The Great Income Divide: IRS data shows 50 percent of households make less than $35,000 per year. Top 10 percent pay 68 percent of income taxes.
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A major theme throughout 2013 revolved around a booming stock market and real estate sector. Alongside this theme however was also the one of growing income inequality. The stock market generated one of its best years but only a small portion of the population benefitted since most Americans do not own stocks outright. The real estate boom was largely driven by big money investors leveraging the unprecedented Quantitative Easing machinery from the Federal Reserve. Yet most households have little access to this debt since deleveraging is still occurring for households. The only consumer debt sectors to boom in 2013 came from student loans and auto debt. Not exactly two sectors to build up your wealth portfolio. We see how the great income divide is splitting the nation even when it comes to paying income taxes. The adjusted gross income for half of households in the US is less than $35,000. This group pays 11.55 percent of all income taxes. The top 10 percent pay 68 percent of all income taxes. This is an expected trend when wealth inequality is at levels last seen since the Gilded Age.
The growing income divide
The IRS tax data is one of the best sources to mine for information since all US households are required to file a tax return short of a tiny group. This is no survey data but actual raw data based on real incomes. It helps to shine a light on what is really being generated in the US economy based on income.
The data highlights a complicated tax system that doesn’t really show the entire picture. The below data is a reflection of income taxes and does not capture the full scope of taxes including FICA, state taxes, sales taxes, and property taxes that tend to be more regressive. Income tax by its nature is a progressive tax; the more you earn the bigger your share:
The chart highlights the widening gap from the top to the bottom. Even within the top, the gap is growing dramatically. For example, to be in the top 10 percent of households you would need an AGI of $120,136. To be in the top 5 percent, you would need an income of $167,728. Not a major difference here. However, to reach the top 1 percent you would need an AGI of $388,905. The top 10 percent of households pay 45.4 percent of all income taxes. Since many of these households control the bulk of stocks and wealth, a banner year for 2013 will mean tax collections should be healthy for the upcoming year.
What is startling is the lower range of the curve. The bottom 50 percent of AGI households has an income cutoff of $34,823. Over 68 million US households live on an AGI of $35,000 or less. This is telling given the rising costs of college education, healthcare, real estate, and food.
The rising income inequality in the nation is no secret or mystery. In fact, this growing income inequality dates back many decades ago:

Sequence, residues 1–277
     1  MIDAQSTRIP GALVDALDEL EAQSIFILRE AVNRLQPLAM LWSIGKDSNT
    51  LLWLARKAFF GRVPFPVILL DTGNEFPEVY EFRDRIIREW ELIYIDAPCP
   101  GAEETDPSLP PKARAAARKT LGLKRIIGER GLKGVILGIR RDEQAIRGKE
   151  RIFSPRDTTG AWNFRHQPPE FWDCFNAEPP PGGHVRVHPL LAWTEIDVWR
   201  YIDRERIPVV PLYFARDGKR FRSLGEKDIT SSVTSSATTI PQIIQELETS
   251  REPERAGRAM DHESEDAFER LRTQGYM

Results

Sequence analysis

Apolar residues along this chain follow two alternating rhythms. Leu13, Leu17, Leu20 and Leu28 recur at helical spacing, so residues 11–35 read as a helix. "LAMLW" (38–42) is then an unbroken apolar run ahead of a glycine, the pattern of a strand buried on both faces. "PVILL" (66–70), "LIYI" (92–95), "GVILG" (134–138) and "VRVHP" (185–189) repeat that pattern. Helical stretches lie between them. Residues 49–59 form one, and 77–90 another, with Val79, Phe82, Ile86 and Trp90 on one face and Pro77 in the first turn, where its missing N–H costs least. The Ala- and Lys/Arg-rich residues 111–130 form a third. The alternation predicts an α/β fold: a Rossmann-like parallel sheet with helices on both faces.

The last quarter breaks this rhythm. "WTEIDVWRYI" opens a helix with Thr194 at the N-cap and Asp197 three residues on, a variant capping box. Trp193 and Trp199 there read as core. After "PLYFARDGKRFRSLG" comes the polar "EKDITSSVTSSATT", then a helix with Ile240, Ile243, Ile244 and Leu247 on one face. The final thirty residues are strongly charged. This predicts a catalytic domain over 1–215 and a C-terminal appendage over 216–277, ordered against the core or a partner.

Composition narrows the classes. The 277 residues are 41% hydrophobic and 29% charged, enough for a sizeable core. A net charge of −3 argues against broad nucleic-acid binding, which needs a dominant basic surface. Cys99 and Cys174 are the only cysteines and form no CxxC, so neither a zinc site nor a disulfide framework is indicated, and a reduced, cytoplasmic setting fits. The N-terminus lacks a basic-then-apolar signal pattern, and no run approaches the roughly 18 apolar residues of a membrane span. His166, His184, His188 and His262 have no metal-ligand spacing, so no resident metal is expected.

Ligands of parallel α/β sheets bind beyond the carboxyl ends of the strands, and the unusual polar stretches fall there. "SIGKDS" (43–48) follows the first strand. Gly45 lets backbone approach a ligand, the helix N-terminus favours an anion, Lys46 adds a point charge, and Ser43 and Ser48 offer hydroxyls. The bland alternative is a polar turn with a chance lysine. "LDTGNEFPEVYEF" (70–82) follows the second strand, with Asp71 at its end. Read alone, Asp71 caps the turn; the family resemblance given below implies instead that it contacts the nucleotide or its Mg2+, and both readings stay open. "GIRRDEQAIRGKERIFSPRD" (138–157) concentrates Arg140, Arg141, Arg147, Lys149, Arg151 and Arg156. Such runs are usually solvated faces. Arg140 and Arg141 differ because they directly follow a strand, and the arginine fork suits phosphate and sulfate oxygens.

Since the 1950s the trend has only moved in one direction. People often talk about top tax brackets and how high income taxes are but if you look at the above chart, the average tax rate for those in the top 1 percent is 23.5 percent. How is that when the top tax bracket is 39.6 percent? First, many people have better methods of tax avoidance: IRAs, 401ks, dividend income, real estate deductions, etc. Since the bulk of wealth is in the hands of the top 10 percent, this group is already lowering their tax burden via these deductions and beneficial tax structures. Since the typical American is living paycheck to paycheck with little saved for retirement these tax reducers don’t really help. Besides, their income tax burden share is minimal. However, their other tax burdens are large as a proportion to their income. This is usually ignored when people talk about how little the working class pay in this country as they try to scapegoat the disappearing middle class.
More to the point, the middle class by definition should be well, the middle. In this case, being middle class is a household making $35,000 or more. We often hear about $250,000 being middle class by the media but by the IRS tax data, this is closer to being in the top 2 percent of AGI. Not exactly middle class when 98 percent are below you. Even if we look at the bottom 75 percent, the cutoff here is $70,492; certainly a far away cry from $250,000. Or even the top 5 percent starting point of $167,728.
The growing income and wealth divide in the US is problematic. The top 10 percent control nearly 75 percent of all wealth in the country, the true sign of economic prowess:
This also means the other 90 percent of the population has 25 percent of the remaining wealth to divide up. You would think a banner year for stocks and real estate would leave everyone feeling happy. But when you look at income data, you begin to understand why regular American families are still dismayed at the state of the current economy.